being freely evolved from its entire surface, which at first 
slightly swells, and then opens partially in spots, through 
which jets of melted coke slightly exude. The mass retains 
its general shape, and does not fall to pieces. When the 
flame ceases, the mass continues to glow with red heat through- 
out, and precisely resembles, in its farther combustion, the 
best wood-charcoal, until it falls into an incombustible grey- 
ish white powder, or ash. These are burning qualities which 
especially recommend this coal for use in grates and for 

Its specific gravity is, 1.33 

A sample taken from the upper portion of the vein gave 

Carbon, 01.50 

Volatile (combustible) matter 22.50 

Water, 1.00 

Ash, 15.00 


" The asli has a greyish -white color, and consists of l-6th 
carbonates of lime and magnesia and 5-6th clay, which only 
had feeble traces of oxyde of iron. 

u A specimen from the lower part of the vein afforded : 

Carbon, 59.90 

Volatile matter 21. 

Water 2. 

Ash 18.50 

" The ash was similar in character to the above. 
" This affords us the following, as the mean composition of 
the upper coal : 

Carbon, 59.50 

Volatile matter, 21.75 

Water 1 .50 

Ash, 16.75 

" It belongs, therefore, to the highly valuable class of 
semi-bituminous, open-burning steam coals, and takes rank 
by the side of the Pennsylvania (Pfcillipsburg) and Virginia 
(Richmond) varieties. It also stands in close connection to 
certain coals found in Southern and Western Wales. 

" It is also expected that the per centage of incombustible 
matter will diminish slightly, whilst that of the carbon,, will 
increase, as the coal is worked back from its outcrop. 


" At a distance of not far from seventy fee f . below the po- 
sition of the upper coal, several openings have been made 
upon a vein which is included between a shelly, sandstone 
rock, on the upper side, and a fine clay on the lower. Its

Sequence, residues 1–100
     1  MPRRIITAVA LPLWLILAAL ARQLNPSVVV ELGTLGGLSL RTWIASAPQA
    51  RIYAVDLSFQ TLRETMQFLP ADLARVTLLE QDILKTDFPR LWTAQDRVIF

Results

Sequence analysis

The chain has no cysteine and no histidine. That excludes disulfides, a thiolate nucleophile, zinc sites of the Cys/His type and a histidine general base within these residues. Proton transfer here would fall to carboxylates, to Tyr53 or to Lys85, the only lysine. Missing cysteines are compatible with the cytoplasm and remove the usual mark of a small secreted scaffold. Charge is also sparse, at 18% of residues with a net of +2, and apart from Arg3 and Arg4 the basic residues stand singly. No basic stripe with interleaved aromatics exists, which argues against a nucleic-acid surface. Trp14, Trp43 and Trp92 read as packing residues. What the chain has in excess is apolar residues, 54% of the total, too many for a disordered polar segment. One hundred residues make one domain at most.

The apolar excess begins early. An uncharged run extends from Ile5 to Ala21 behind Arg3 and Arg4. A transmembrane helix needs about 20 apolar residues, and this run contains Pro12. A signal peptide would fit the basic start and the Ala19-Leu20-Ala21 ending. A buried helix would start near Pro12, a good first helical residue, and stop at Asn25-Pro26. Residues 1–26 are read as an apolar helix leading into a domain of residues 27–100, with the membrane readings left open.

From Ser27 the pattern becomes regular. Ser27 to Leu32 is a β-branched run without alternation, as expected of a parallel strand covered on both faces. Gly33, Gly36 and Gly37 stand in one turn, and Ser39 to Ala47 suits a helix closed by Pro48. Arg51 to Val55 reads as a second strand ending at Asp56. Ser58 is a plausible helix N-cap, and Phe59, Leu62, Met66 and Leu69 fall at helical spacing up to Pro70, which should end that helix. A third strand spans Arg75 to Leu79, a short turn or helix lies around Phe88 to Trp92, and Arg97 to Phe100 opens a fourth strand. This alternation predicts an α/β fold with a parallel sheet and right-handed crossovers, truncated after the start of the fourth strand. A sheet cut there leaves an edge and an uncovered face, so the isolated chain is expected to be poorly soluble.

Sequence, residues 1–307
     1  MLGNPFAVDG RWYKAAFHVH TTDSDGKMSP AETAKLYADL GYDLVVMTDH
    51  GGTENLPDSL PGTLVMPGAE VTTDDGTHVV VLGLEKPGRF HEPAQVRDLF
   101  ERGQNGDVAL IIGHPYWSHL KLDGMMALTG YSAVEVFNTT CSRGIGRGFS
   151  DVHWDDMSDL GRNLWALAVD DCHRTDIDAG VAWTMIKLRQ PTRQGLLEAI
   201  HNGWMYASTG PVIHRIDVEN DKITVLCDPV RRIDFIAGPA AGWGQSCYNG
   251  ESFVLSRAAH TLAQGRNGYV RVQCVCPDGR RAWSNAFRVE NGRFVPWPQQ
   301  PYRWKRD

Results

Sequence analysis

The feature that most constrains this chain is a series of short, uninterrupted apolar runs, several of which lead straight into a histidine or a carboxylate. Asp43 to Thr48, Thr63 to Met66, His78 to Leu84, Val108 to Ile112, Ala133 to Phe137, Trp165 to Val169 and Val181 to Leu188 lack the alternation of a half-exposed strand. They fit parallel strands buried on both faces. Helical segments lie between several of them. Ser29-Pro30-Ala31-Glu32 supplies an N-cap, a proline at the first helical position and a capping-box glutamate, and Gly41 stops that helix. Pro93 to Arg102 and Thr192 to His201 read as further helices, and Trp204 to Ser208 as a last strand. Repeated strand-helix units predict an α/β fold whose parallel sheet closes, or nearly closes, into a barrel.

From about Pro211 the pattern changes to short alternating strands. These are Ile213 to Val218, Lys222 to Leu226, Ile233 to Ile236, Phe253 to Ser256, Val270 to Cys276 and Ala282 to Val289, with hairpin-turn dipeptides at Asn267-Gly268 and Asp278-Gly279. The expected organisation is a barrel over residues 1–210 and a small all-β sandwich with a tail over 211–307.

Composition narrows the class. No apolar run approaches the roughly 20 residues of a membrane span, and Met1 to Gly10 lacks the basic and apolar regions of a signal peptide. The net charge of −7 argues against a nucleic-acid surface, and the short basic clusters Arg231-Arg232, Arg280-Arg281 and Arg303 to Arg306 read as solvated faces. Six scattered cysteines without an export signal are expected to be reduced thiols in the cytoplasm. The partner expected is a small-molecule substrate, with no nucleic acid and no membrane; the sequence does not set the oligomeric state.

thickness is less than that of the superior stratum ; and per- 
haps it has not yet been sufficiently penetrated to justify the 
conclusion that it will average more than two feet of worka- 
ble coal. At one place it measures fully three feet ; but at 
a short distance it contracts to one foot. At a second open- 
ing, one hundred yards distant, it maintains a thickness of 
two feet for at leasi twenty yards of its outcrop. 


" This coal is black and shining. It does not soil the 
fingers. It is less distinctly stratified than the upper seam; 
is somewhat spumose, and more likely to crumble or break 
into smalls. It shows evident traces of iron-pyrites, though 
it is not what would be called a sulphur coal. It is much in 
request by black-smiths, for whose purpose it is esteemed su- 
perior to the upper vein. 

"Its specific gravity is 1.33. It consists of: 

Carbon, 03.00 

Volatile Matter, 28.00 

Water, 1.50 

Ash 7.50 


" The ash is a reddish brown, and besides traces of car- 
bonate lime and magnesia, contains considerable peroxide of 
iron, mingled with the clay. 

" This coal will still rank under the semi-bituminous class, 
though much richer in volatile matter than the superior bed. 
It will be more valuable for the purpose of generating steam 
than the drier coal ; but its great value will obviously consist 
in its adaptation to the formation of coke, in which condition 
it will chiefly find its way to market.